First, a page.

Pompeo tells Trudeau US focused on release of two Canadians in China


Prime Minister Justin Trudeau Monday

Beijing detained ex-diplomat Michael Kovrig and entrepreneur Michael Spavor on December 10 in an apparent attempt to pressure Canada to release Meng Wanzhou, a top executive at Chinese tech giant Huawei.

Pompeo was visiting Ottawa for the day ahead of a weekend summit of the Group of Seven industrialized nations in France where relations with China are set to be discussed. She faces USA charges of conspiring to defraud global banks about Huawei's relationship with a company operating in Iran.

After having successfully thwarted - at least for now - the opposition-driven push to hold a full parliamentary probe into the federal ethics commissioner's report on his conduct in the SNC-Lavalin affair, Prime Minister Justin Trudeau is set for a sit-down meeting with US Secretary of State Mike Pompeo, who arrives in the capital this morning for a whirlwind one-day stop in Ottawa ahead of the annual G7 summit, which is set to get underway in Biarritz on Saturday, and where, according to CBC News, he may face increased pressure from newly installed United Kingdom prime minister Boris Johnson over the prospect of a post-Brexit trade deal.

The pair, now facing espionage charges, were detained after Canadian police picked up Huawei Technologies Co Chief Financial Officer Meng Wanzhou in Vancouver last December on a US arrest warrant.

Trudeau said on Wednesday his government had no intention of backing down in the dispute with China and would defend Canada's interests.

The meeting is a follow up to Trudeau's June meeting with President Donald Trump in Washington, D.C., and a phone call the two leaders held last week.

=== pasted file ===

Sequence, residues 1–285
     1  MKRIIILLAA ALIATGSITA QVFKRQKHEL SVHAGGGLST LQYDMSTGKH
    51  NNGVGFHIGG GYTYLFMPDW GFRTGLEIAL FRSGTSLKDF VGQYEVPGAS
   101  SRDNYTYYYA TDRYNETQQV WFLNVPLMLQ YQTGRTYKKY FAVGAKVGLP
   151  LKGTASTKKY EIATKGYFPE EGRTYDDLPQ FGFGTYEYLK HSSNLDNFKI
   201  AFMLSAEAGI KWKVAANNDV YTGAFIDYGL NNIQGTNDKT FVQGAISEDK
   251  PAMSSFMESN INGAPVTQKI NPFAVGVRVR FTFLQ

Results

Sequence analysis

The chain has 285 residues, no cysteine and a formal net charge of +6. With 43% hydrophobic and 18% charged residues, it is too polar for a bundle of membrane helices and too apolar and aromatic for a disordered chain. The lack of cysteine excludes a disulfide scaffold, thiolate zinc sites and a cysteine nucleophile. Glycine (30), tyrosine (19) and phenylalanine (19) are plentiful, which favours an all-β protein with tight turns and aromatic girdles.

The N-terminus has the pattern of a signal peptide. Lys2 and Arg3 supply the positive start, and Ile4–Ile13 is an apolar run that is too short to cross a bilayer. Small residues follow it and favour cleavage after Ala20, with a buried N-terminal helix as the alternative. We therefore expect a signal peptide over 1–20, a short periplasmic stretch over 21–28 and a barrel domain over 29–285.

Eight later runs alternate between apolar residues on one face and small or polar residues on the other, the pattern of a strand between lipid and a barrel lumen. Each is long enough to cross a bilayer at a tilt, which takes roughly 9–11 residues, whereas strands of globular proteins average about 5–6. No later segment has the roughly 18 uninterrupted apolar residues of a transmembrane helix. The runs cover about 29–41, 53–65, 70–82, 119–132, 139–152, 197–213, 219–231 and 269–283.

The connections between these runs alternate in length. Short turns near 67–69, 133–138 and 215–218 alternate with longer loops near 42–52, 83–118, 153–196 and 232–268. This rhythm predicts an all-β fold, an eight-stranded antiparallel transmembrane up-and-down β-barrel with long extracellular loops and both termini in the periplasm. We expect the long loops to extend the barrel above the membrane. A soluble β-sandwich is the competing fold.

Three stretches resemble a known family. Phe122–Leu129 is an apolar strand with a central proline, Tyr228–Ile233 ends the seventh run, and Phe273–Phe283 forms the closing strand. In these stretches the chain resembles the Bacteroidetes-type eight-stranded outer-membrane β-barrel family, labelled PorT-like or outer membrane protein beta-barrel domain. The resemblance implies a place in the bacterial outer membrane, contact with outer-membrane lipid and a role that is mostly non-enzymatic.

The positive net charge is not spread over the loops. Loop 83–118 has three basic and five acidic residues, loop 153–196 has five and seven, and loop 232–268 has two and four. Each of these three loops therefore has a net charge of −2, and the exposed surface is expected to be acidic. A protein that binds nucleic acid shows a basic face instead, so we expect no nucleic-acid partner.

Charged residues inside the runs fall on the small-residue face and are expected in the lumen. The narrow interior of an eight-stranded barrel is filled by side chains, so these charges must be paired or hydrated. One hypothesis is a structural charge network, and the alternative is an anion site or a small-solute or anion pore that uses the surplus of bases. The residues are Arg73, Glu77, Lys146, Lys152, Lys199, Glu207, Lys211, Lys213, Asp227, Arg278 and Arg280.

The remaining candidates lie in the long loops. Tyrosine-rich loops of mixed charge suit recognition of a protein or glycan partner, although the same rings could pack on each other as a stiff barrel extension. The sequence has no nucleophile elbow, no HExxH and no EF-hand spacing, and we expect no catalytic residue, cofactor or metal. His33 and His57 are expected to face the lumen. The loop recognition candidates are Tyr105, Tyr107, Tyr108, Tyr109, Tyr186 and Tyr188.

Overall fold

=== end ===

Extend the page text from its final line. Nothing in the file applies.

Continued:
"Please do know our team is focused on helping those two Canadians be released", Pompeo said to Trudeau, Foreign Minister Chrystia Freeland and members of the media.

Officials say the wide range of issues to be discussed include the ongoing tensions in Hong Kong, where pro-democracy protests have been escalating for weeks, sparked by proposed legislation that would have seen some suspects in criminal cases sent to mainland China for trial.

"The Canadian side's erroneous remarks confuse violent violations with peaceful assembly, ignoring the fact that the Hong Kong police force punishes violence according to law", it said.

The two men were taken into custody in China shortly after Canada arrested Ms Meng on behalf of the US.

The war of words continued Thursday during a regular press conference in China with a foreign ministry spokesperson.

He also met with Canadian business executives - including Canada's largest agricultural exporter Richardson International, which saw its canola shipments to China blocked this year.

China and the US are now embroiled in a trade war that has roiled global financial markets.

China issued comments Thursday saying the fate of the two Canadians, and the increasing difficulties in China-Canada relations, is Canada's fault and is linked to Meng's detention.

In response to a question about whether Canada has asked the United States to drop its extradition request to help secure the release of Mr. Spavor and Mr. Kovrig, Ms. Freeland stressed that the shared border between Canada and the United States wouldn't work without the extradition treaty. "The case of Ms Meng is now before the Canadian courts, as it ought to be".

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